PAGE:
Eating unhealthy foods when stressed is not effective in the long run.

Stress eating and binge eating might temporarily reduce stress, but they usually cause more harm than good in the long run.

Here are some tips on how to beat stress eating:

When Planning to Quit Stress Eating

1. Practise Introspection

Identify what exactly is causing you stress and anxiety. Is it conflict with your boss or a partner? Are you rushing for a tight deadline?

Knowing what triggers an episode of stress eating will help you to avoid or find a solution for it in the future. Commit to a solution that works for you and keep at it.

2. Seek Support From Your Family and Friends

Confiding in your friends and family can help you through a tough situation and better handle the effects of stress. Remember to add that you’re trying to quit stress eating. Allow them to remind you and support you.

Related: Your Beat Stress Guide

When Quitting

Consider cut fruits in a cup when you feel hungry and stressed.

3. Be Mindful of What You Eat

Consider starting a food diary. The Healthy 365 app is a great way to track your daily food and drinks intake and the corresponding calories consumed. Monitoring yourself is a good way to assess if you are eating out of hunger or stress and avoid mindless eating.

It also helps you take a hunger reality check: every time you find yourself rummaging through the pantry, ask yourself if you are really hungry. If you’ve just eaten a full meal not too long ago, chances are, you aren’t.

4. Remove Temptation and Choose Healthier Snacks

Avoid keeping unhealthy food around. If you must snack, opt for healthier choices such as nuts and fruits to avoid excessive weight gain.

5. Find New Ways to Relieve Stress

Try experimenting with different ways to relieve stress instead of stress eating. Here are some stress relaxation techniques:

  • Take a walk or get a breather outdoors. When you feel overwhelmed, physically removing yourself from the stressful situation is a good way to relax. As you walk, focus on your breathing and take deep breaths to calm your mind.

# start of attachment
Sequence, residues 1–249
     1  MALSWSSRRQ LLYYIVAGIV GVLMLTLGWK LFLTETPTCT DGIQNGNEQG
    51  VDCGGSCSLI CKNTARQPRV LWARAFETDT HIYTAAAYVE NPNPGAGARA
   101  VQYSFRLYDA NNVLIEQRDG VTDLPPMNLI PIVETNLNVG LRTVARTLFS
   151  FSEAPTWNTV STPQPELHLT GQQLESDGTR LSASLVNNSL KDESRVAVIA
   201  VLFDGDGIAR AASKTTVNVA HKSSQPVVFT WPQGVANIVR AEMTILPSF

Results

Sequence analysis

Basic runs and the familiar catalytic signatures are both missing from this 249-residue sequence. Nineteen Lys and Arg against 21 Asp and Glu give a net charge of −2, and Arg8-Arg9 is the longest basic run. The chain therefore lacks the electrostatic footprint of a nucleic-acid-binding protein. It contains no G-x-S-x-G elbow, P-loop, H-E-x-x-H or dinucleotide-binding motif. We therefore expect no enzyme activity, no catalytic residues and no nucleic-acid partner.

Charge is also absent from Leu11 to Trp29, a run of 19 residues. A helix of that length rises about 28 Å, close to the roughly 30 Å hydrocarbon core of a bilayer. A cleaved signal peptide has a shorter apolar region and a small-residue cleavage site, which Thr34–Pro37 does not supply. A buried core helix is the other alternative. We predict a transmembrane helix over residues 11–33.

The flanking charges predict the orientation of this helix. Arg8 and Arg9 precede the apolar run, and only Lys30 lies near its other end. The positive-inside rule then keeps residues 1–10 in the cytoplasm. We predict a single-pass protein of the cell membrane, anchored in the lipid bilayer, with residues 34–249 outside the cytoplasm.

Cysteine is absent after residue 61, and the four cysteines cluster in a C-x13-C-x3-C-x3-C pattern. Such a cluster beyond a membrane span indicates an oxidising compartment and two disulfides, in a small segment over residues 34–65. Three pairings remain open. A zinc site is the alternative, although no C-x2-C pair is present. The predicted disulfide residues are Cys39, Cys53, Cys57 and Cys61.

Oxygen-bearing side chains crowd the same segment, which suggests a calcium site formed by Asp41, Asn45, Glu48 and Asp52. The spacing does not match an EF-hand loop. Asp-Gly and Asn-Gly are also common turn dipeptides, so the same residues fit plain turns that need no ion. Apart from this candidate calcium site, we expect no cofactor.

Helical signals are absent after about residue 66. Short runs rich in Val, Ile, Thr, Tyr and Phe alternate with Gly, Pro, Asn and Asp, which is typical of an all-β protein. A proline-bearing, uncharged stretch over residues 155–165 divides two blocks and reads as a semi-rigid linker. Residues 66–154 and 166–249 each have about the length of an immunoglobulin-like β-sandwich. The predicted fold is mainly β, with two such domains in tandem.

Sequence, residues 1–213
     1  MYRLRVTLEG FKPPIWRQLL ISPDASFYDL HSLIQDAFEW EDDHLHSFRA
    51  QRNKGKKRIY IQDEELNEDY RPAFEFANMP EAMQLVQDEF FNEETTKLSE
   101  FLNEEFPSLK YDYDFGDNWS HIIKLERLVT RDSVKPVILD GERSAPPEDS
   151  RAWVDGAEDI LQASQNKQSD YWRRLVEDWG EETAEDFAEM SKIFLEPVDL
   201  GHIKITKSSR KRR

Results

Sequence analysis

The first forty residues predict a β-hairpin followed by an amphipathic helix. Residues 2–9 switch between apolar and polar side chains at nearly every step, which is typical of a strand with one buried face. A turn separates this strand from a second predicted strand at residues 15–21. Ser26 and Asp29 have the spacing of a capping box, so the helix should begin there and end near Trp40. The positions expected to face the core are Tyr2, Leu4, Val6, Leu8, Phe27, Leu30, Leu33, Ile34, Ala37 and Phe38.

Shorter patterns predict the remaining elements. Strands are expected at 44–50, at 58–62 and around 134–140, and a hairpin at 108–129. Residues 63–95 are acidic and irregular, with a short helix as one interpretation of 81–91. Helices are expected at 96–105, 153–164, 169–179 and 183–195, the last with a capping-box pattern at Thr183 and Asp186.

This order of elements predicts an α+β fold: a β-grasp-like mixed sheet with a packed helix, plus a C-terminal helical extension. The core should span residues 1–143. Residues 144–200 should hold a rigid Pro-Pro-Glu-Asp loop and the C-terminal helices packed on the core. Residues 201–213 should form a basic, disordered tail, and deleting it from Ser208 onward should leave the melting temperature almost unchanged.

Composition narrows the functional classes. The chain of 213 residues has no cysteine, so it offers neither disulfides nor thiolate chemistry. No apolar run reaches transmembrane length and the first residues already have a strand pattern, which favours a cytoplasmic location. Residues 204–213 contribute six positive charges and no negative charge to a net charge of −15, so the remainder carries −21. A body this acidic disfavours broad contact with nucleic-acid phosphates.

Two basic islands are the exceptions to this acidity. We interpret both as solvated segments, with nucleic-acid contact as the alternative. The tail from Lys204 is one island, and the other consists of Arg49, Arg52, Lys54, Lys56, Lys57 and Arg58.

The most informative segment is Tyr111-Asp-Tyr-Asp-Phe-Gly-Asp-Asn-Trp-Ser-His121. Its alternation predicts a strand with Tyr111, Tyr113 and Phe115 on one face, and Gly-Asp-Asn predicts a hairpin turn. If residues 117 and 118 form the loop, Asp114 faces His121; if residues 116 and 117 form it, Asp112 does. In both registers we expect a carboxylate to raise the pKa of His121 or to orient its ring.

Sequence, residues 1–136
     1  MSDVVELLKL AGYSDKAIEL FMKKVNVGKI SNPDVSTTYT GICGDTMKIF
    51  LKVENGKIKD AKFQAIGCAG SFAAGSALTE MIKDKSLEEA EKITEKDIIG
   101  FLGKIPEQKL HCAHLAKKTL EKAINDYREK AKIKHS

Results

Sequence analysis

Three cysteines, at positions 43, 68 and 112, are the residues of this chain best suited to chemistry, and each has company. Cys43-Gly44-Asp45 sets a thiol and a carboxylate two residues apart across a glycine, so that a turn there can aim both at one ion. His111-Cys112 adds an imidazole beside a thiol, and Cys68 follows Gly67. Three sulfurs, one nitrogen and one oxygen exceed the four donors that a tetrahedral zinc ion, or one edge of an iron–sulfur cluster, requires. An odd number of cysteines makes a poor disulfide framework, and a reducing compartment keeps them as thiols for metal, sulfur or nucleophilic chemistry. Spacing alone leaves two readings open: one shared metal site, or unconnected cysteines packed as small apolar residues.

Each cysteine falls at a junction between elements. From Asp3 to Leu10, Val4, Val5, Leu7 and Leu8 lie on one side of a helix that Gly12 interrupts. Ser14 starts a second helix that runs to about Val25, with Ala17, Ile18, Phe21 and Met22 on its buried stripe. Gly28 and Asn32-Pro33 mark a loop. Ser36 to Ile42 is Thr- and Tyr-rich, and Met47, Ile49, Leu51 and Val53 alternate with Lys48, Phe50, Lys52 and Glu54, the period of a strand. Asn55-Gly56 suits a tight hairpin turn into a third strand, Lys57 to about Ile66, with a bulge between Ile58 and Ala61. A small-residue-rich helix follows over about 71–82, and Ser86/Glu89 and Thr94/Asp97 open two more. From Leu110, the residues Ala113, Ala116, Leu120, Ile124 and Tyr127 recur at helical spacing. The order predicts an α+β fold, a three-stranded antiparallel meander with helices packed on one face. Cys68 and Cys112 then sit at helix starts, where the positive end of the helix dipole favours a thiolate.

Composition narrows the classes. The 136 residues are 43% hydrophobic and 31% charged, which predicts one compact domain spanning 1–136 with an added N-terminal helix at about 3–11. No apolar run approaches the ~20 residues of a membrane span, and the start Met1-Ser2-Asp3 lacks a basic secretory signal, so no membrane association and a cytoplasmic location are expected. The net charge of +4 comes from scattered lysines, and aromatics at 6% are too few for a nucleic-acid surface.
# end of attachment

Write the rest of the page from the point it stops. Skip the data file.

• Watch a funny video, read a joke, or engage in anything that makes you laugh. Laughing can help relieve tension and stress as it releases endorphins — which help to counteract stress — into the body.

Additionally, exercise. Exercises such as running or swimming help us with weight loss and also increase endorphins in the body. Yoga and Tai Chi combine both exercise and meditation and are helpful in combating stress as well as maintaining a healthy weight.

Related: Take It Outdoors to Unwind

When You Stumble

6. Learn from Setbacks for Better Mental Health

Breaking the habit of stress eating is not easy. Don’t be too hard on yourself if and when you do slip up. Recognise your relapse triggers and avoid them in the future.

When You Succeed

7. Reward yourself

Reward yourself with a small treat when you do manage to stop emotional stress-eating. Just remember to avoid comfort eating as a treat and engage in something healthy or meaningful instead.

Download the HealthHub app on Google Play or Apple Store to access more health and wellness advice at your fingertips.


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References

  1. Harvard Health Publishing. (Feb 2012). Why stress causes people to overeat. [Website]
    Retrieved February 2017 from http://www.health.harvard.edu/newsletter_article/why-stress-causes-people-to-overeat
  2. Breeze, J. (n.d.). Can Stress Cause Weight Gain? [Website]
    Retrieved January 2017 from http://www.webmd.com/diet/features/stress-weight-gain#1
  3. (n.d.). How to Stop Emotional Eating. [Website]
    Retrieved January 2017 from http://www.webmd.com/diet/stop-emotional-eating
  4. Kromberg, J. (2013, Sep 18). Emotional Eating? 5 Reasons You Can’t Stop. Psychology Today.
    Retrieved January 2017 from https://www.psychologytoday.com/blog/inside-out/201309/emotional-eating-5-reasons-you-can-t-stop
  5. Mayo Clinic. (2015, Oct 3). Tips to get your weight–loss efforts back on track [Website]
    Retrieved January 2017 from http://www.mayoclinic.org/healthy-lifestyle/weight-loss/in-depth/weight-loss/art-20047342?pg=2
  6. Pells, J. (n.d.). Anxiety & Overeating — What’s the Overlap? [Website]
    Retrieved February 2017 from https://www.eatingdisorderhope.com/treatment-for-eating-disorders/co-occurring-dual-diagnosis/anxiety/anxiety-overeating-whats-the-overlap

Scott, J. R. (2016, Feb 17). What is Stress Eating? [Website]
Retrieved January 2017 from https://www.verywell.com/what-is-emotional-eating-3495967